I did not think that I could be a pastor. Speaking in front of people was not my strong suit. Nor did I expect to be able to handle the other duties that are expected of a pastor in the congregation. My peers had spent several years telling me—and reinforcing the message emphatically—that I was different, that a lot of people did not like me, that I did not belong to the “in crowd.” For this reason, I wanted to write. I enjoyed writing, I seemed to be good at writing. I would be able to write in solitude, and I could send my books out to speak for me. But, because Pastor Hoffmann assured me that the seminary degree and some experience in the parish were important preparation for the writing I wanted to do, I began to chart my course in that direction. From that point in high school, and on through the college years, I was aiming to be a pastor—not as my final goal, but as steps on the path to writing for God and for His people. J.

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7 thoughts on “Key choices in the direction of a career

  1. The first thing God did for Adam is that He made Him a gardener. It seems that among other things we were made to work.

    Doesn’t hurt to dream. Wanted to be an astronaut. Tried to be a pilot. Got into space operations in the military, and that was fun for the most part.

    My hearing was not good enough to be a pilot. In retrospect, I was not suited to be an astronaut. I was a decent officer, but not field grade material. However, as I struggled to be what I wanted to be, I learned a great deal, I gained wisdom, and I learned about myself.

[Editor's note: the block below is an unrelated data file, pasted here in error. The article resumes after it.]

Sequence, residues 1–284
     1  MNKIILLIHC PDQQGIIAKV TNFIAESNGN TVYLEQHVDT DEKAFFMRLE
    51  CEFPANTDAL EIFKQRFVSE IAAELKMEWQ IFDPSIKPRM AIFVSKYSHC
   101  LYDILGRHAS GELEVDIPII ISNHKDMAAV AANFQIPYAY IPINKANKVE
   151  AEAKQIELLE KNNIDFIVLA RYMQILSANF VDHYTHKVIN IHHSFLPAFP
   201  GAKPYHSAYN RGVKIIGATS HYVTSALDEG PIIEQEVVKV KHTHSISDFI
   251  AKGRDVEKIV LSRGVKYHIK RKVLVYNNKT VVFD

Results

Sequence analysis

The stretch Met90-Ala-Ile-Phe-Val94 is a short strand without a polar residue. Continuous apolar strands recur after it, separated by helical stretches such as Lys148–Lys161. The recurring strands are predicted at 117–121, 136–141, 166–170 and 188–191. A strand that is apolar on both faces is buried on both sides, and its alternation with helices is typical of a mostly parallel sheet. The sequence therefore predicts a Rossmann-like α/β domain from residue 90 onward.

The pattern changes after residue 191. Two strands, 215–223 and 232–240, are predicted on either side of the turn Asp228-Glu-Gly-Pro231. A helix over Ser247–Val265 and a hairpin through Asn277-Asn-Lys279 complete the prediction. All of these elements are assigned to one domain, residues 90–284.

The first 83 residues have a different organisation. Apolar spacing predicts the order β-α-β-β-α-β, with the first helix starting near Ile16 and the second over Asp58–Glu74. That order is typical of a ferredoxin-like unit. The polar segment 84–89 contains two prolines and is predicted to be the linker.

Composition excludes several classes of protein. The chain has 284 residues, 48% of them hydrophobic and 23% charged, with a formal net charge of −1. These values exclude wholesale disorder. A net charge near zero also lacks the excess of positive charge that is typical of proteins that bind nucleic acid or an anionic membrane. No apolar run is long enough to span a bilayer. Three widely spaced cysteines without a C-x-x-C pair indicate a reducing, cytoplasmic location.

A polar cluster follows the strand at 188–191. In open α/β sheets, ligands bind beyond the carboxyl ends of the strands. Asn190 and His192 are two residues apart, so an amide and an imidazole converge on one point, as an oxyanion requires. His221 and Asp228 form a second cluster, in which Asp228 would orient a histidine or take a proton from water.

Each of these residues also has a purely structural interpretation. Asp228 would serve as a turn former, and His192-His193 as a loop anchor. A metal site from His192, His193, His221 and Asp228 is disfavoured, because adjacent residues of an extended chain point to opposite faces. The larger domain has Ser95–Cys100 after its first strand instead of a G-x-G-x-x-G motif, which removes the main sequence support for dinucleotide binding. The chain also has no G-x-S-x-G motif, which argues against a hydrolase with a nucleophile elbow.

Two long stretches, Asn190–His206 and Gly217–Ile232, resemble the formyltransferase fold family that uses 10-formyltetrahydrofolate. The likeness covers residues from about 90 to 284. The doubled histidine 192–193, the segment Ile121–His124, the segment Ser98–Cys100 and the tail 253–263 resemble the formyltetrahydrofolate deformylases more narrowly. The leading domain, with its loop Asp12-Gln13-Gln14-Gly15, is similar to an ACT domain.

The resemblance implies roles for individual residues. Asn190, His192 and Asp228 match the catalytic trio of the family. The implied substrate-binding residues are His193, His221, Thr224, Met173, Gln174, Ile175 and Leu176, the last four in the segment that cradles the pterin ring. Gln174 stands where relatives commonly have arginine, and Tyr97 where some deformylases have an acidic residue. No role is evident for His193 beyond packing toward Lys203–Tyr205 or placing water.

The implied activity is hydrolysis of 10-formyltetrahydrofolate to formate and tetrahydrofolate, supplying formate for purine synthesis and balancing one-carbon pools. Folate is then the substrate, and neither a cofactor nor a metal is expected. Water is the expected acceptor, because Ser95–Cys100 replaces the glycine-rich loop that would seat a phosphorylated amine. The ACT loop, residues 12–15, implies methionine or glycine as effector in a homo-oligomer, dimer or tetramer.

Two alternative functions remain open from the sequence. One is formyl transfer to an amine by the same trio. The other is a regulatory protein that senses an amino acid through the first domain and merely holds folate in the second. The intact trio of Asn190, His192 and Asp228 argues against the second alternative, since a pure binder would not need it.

We call it the right stuff, not the perfect stuff. The people who become astronauts or reach the top of any profession must work intensely both to improve and maintain their skills and to demonstrate their competence.

    Yet if work is so difficult, why should we give more to our work than is needful? Work is part of the discipline God imposes upon His children. At the same time, there is joy in work, especially when we learn how to serve our neighbors.

    Our destination is important, but we don’t get there without the struggle of a difficult journey. The gate is narrow and path is constricted on the way that leads to eternal life. So, we must learn to work hard work to stay on the correct path.

    Thank you for sharing some of the challenges you have face.

    Liked by 1 person

    • Thank you for your thoughts. Some work is labor (ten percent inspiration and ninety percent perspiration), but work can be a joy. When we find the tasks which we enjoy–those we can do without noticing the passing of time, those we would do even if no one paid us to do them–we are, perhaps, practicing what we will do in the new, sinless, eternal world that is coming. Meanwhile, if someone pays us to do those things today, we are doubly blessed. J.

      Liked by 1 person

  2. I have always loved the written word both reading and writing. Like you though my penmanship is horrible, but mine is due to the fact I am left-handed and my third grade teacher tried to change my hand preference by smacking the back of my hand with a ruler until my mom found out. By that time though the damage to my mind had been done and I no longer care what my handwriting looked like. I now print everything but my signature because my writing is so hard to read otherwise. I never wanted to write for a living and I still think it had to do with that third grade teacher (she by the way looked just like the wicked witch of the West in the Wizard of Oz). I did not come back to writing until I went to college and by then I had a typewriter and no one really knew I was left-handed.
    What took my heart though was being a mother and if I could have kept my children little forever I would have. I enjoyed the work of raising them and even the struggles hold some endearing moments. My daughter was a difficult child, but I would raise her all over again if need be. I never played an instrument, but love the flute. I am partially deaf in my right ear and I have a really hard time with low tones, but hear high ones a little to well ( I could actually hear the sound a picture tube made when going out of a TV the repair guy asked if I was a bat). I have done various things since my kids grew up, but now I am disabled so I raise insane cats three of them. I think many people hold many roles in their lives some we love and others not so much.

    Liked by 2 people